As mentioned before, my husband and I tend to be magnets for trouble. This time? A chipped tooth.
If their chipped or even if the whole tooth is knocked out, a dentist probably won’t do much for baby teeth. They’ll be replaced later by adult teeth anyway. So treat for pain and bleeding.
Adult teeth, on the other hand, you want to take care of immediately. Chances are pretty good that a dentist can fix or replace the tooth or at least mitigate the damage done. So make an emergency appointment immediately.
Handling the tooth or tooth piece is actually the difficult part; there are actually several rules you should follow when handling a broken or knocked out tooth. First, don’t touch the root. You can damage it if you do. It’s best to touch the tooth by the crown (the white part you chew with). Second, do not run it under water. You should rinse your mouth with warm water, but not the tooth.
This is where it gets a little cringey. If you can, put the tooth back in place in the empty socket in the mouth. Hold in place with gauze or some sort of fabric. It is important not to do this with a baby tooth because it can cause damage to the permanent tooth underneath. If you can’t stomach that or are having any other problems, keep the tooth moist by placing it in milk or saliva, preferably from the mouth the tooth came out of. Saline solution also works, so if you were contacts, the saline solution for that also works. If none of these are available, just hold it between the gums and lower lip and don’t swallow it. AND DON’T PUT IT IN WATER.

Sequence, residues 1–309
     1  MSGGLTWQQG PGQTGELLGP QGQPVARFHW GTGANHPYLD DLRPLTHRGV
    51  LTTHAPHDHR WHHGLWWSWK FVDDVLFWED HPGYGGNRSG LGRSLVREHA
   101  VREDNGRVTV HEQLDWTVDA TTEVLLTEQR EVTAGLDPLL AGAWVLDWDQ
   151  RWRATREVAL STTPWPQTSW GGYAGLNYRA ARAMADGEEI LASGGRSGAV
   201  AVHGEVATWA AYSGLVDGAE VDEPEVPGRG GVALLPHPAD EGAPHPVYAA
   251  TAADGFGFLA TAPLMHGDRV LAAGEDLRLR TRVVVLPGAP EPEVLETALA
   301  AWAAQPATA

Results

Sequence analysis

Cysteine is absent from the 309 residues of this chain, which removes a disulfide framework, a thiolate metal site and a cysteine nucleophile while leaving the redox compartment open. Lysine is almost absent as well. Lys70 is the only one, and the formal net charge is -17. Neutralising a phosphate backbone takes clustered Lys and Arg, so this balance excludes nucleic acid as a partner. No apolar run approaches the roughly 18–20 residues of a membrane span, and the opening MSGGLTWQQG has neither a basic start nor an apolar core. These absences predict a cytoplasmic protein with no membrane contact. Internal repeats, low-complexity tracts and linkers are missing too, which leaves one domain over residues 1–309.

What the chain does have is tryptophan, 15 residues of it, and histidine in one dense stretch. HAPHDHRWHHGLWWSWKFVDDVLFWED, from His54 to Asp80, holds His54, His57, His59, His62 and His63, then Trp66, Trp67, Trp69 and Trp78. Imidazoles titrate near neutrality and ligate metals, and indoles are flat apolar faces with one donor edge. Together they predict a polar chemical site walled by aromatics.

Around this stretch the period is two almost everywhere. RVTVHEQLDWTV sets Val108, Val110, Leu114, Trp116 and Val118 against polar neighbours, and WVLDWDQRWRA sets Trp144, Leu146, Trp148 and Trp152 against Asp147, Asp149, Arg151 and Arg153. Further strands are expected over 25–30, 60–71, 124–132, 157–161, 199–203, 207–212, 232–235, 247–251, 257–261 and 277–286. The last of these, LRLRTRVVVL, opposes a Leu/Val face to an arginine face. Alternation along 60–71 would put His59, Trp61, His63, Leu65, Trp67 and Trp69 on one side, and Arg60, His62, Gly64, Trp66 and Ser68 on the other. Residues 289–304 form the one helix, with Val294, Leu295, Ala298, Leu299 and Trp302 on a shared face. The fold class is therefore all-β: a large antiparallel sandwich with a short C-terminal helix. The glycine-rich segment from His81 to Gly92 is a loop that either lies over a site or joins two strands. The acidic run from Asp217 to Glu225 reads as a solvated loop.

To help protect teeth, wear mouth guards and protective gear where appropriate and watch for foods that can wear down the enamel including sweets and acidic food. And of course, brush your teeth and floss daily.